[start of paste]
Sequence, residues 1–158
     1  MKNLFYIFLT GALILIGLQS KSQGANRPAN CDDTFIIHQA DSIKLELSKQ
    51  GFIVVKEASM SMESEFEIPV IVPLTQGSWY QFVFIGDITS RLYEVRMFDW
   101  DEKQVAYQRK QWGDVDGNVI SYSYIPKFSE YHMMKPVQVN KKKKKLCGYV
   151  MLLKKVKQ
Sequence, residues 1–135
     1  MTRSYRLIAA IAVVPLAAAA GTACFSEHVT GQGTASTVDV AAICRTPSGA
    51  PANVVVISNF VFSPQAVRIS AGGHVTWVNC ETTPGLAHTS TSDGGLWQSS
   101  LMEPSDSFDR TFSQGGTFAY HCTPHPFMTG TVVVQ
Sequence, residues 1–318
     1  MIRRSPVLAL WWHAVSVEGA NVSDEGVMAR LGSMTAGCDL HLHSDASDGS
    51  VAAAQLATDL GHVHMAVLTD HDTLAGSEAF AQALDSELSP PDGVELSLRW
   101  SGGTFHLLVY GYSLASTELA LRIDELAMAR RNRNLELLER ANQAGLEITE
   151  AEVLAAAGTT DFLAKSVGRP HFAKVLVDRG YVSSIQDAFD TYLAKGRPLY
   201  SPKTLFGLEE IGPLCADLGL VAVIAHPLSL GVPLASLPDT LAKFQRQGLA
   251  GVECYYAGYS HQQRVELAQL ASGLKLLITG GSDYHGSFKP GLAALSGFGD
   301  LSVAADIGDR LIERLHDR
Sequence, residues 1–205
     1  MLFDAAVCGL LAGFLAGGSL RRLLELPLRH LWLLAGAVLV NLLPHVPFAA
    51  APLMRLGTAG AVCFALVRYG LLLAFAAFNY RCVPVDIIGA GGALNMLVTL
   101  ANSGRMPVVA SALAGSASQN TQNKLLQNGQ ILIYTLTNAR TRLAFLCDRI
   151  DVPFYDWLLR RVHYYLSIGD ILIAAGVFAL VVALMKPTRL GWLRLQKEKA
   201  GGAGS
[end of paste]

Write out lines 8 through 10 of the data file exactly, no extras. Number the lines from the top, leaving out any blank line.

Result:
    51  PANVVVISNF VFSPQAVRIS AGGHVTWVNC ETTPGLAHTS TSDGGLWQSS
   101  LMEPSDSFDR TFSQGGTFAY HCTPHPFMTG TVVVQ
Sequence, residues 1–318